As use of FAKRA connectors increases, so does need to eliminate blistering

Connected cars are leading to major opportunities for high-speed data (HSD) connection and FAKRA (Fachkreis Automobil, a German standard) connectors. By 2020, 98% of all cars will be connected to the Internet, and now, on average there are 15 FAKRA/HSD connectors per connected car.   

As the brain of the car, connectors are used to connect coaxial cable to receivers and transceivers located in the vehicle for GPS, satellite radio, cellular communications, and some FM signals. Besides supporting entertainment and communications applications, connectors also play a role in supporting safety applications.

Image Source: Amphenol RF Automotive Solutions Report

FAKRA connectors offer less complexity

There is an increasing demand for high performance plastics to make the connectors because there are many applications FAKRA and HSD connectors are used for. But there is a difference between FAKRA and HSD connectors. FAKRA connectors show less complexity in geometry and pin counts but require reflow soldering for the receptacle side which is similar to HSD connectors.

As you can see (below), the FAKRA connector has less complex geometry and is easier to produce, which is why the use of FAKRA connectors is expected to grow.

Image Source: Amphenol RF Automotive Solutions Report

Eliminating blistering

It is vital to eliminate the risk of blistering during the reflow assembly process. Blistering is a problem associated with normal high-temperature polyamides—the most commonly used polymers for connectors suitable for reflow assembly. It is the result of moisture quickly turning into steam in a part. The steam is unable to escape when the part is exposed to a high temperature—in reflow soldering ovens, temperatures can reach more than 260°C.

If not detected, blisters on connectors often causes assembly issues and they compromise mechanical performance. Also, the entire board is usually scrapped when blistering is detected before the final assembly. However, there is a material that will decrease blistering.  

Game changing PPA

ForTii Ace—a material with the highest reliability and signal integrity in FAKRA and HSD connectors—has secured, in all product designs, the JEDEC MSL 1 (moisture sensitivity level 1) rating. When using ForTii Ace, connector and component designers can be confident they are using a material that reaches MSL 1 in all thickness and is robust mechanically. With ForTii Ace there is no need to be concerned about blistering during assembly, even after a long shelf time. ForTii Ace JTX8 is blister free for even the most challenging design in the worst assembly environment, even up to 50% regrind.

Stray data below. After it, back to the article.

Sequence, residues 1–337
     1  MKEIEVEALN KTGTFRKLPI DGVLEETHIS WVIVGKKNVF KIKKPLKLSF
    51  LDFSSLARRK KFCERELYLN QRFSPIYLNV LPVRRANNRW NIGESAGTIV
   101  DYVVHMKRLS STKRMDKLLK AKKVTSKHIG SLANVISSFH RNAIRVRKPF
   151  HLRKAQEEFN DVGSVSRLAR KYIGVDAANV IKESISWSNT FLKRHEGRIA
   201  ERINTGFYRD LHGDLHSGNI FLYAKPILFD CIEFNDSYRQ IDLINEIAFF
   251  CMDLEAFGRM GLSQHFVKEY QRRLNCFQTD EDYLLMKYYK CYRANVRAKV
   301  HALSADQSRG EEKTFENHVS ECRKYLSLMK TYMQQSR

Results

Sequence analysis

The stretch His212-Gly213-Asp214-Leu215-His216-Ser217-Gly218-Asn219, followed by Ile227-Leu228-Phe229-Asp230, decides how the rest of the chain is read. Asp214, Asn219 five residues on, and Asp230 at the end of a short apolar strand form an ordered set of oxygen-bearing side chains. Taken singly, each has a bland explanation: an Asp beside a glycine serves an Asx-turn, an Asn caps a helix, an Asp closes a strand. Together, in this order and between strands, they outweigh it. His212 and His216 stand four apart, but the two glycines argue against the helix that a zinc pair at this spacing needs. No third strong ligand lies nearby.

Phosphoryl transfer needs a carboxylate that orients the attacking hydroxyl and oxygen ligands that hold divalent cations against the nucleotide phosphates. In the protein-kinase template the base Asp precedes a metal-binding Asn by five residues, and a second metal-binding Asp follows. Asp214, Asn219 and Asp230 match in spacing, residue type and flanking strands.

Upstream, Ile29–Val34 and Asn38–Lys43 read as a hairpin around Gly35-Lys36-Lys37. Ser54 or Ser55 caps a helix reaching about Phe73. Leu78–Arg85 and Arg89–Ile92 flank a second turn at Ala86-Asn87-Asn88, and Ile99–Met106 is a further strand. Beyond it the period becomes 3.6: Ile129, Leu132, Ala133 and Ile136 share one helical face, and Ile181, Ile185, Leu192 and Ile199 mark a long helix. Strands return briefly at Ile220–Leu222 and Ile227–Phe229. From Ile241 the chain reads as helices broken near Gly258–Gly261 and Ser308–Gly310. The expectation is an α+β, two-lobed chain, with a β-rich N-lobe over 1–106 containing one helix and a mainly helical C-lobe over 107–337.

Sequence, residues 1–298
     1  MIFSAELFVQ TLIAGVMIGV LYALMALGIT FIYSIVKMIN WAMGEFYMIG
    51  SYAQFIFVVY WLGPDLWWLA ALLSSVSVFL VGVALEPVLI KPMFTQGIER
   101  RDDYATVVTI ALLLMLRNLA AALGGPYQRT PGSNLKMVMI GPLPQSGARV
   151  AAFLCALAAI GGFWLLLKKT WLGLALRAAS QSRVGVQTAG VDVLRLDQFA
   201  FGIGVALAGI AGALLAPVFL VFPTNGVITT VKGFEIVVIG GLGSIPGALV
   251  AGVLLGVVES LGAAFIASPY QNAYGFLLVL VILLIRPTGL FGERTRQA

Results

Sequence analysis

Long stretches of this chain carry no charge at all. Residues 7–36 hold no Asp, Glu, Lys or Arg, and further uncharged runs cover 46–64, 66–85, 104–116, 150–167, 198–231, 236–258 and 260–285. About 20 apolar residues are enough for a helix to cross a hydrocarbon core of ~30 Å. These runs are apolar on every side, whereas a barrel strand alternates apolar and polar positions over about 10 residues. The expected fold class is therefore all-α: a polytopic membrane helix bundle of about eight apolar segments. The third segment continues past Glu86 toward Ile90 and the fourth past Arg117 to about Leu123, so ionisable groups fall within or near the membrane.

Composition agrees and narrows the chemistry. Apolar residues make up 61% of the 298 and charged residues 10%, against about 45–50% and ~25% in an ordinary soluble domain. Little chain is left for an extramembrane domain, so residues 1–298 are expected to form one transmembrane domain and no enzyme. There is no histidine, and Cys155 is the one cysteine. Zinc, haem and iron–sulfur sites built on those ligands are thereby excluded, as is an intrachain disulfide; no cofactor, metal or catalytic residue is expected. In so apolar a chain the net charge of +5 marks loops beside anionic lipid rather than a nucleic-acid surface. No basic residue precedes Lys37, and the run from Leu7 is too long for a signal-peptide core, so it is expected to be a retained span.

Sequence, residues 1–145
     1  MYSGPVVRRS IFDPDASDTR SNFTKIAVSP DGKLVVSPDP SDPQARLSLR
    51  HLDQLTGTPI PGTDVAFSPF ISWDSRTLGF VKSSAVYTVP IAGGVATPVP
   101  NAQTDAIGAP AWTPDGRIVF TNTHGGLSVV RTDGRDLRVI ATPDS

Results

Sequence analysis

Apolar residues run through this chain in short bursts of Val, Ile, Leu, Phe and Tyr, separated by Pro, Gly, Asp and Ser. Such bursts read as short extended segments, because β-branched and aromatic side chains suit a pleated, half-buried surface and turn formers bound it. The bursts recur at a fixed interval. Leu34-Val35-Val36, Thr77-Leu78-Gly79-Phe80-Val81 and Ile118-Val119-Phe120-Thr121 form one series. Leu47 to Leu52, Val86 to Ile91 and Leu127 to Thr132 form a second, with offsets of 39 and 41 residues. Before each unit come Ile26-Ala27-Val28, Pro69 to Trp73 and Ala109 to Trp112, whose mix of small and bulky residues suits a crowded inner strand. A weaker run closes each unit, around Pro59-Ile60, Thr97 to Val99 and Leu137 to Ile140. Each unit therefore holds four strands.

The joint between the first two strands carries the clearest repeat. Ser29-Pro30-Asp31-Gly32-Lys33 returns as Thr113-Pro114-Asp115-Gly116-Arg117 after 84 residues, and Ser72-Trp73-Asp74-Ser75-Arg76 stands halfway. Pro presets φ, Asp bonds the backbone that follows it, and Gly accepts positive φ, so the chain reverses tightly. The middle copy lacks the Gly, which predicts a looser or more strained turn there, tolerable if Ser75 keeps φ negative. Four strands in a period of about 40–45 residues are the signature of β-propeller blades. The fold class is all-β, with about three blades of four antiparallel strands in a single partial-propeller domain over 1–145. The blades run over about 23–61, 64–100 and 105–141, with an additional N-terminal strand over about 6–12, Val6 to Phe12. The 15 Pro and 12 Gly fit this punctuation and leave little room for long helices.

The material also offers color stability— FAKRA connectors are coded a specific color based on function and ForTii Ace JTX8 has superb color stability after reflow soldering. It is mechanically robust with a high modulus/strength at 160°C.

ForTii Ace JTX8 has superb color stability after reflow soldering—there is minimal discoloration versus PPAs.

ForTii Ace JTX8 has the Tg of 160°C, high cut without a heat stabilizer and 28% higher mechanical retention after insertion (plug-in) than other PPAs. It shows highest retention force after insertion compared to PA6T and PA9T.

All ForTii grades are kind to the environment. Envalior offers a full portfolio of halogen-free, flame retardant materials that help you meet the growing need to consider product lifecycle assessments and its wider effect on the planet.

To learn more about ForTii Ace, or to request test samples, contact us or visit plasticsfinder.envalior.com for additional information, including technical data sheets.

Lennon Chu

Global Market Development Manager

Published on

29 August 2019


  • Blog
  • Connectors
  • ForTii in electronics & electrical
  • Life cycle assessment
  • System Design

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Lennon Chu

Global Market Development Manager

Lennon Chu is currently the global market development manager for the ForTii product line and is responsible for the automotive electronics. Within his role, he defines potential and future markets with ForTii materials solutions and supports global customer activities for key OEMs and tiers across regions. He joined Envalior in 2010 and has worked in applications development and business development. Lennon earned his master’s degree in polymer engineering from National Taiwan University of Science & Technology.

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